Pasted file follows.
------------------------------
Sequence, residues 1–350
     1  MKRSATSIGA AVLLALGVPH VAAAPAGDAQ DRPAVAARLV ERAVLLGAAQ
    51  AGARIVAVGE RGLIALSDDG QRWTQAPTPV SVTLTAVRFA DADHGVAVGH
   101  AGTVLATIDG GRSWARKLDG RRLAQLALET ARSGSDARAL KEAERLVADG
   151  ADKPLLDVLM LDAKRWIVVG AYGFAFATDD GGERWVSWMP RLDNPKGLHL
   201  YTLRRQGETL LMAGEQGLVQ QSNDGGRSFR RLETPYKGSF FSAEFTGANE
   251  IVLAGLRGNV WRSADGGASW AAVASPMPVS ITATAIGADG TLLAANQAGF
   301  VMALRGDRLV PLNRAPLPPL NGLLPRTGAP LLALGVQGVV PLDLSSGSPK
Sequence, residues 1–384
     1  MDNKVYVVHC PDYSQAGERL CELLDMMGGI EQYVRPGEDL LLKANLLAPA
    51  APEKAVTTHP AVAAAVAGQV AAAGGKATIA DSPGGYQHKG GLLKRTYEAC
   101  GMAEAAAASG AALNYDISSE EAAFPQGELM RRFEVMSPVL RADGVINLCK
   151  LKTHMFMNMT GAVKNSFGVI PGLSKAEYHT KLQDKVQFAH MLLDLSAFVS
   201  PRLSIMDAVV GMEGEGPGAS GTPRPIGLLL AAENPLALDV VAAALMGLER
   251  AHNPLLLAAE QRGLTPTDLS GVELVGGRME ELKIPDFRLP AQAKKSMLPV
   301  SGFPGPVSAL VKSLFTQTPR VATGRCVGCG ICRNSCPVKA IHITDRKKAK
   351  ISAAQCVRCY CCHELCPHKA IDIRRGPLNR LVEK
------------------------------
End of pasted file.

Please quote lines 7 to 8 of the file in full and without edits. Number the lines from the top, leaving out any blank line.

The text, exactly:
   251  IVLAGLRGNV WRSADGGASW AAVASPMPVS ITATAIGADG TLLAANQAGF
   301  VMALRGDRLV PLNRAPLPPL NGLLPRTGAP LLALGVQGVV PLDLSSGSPK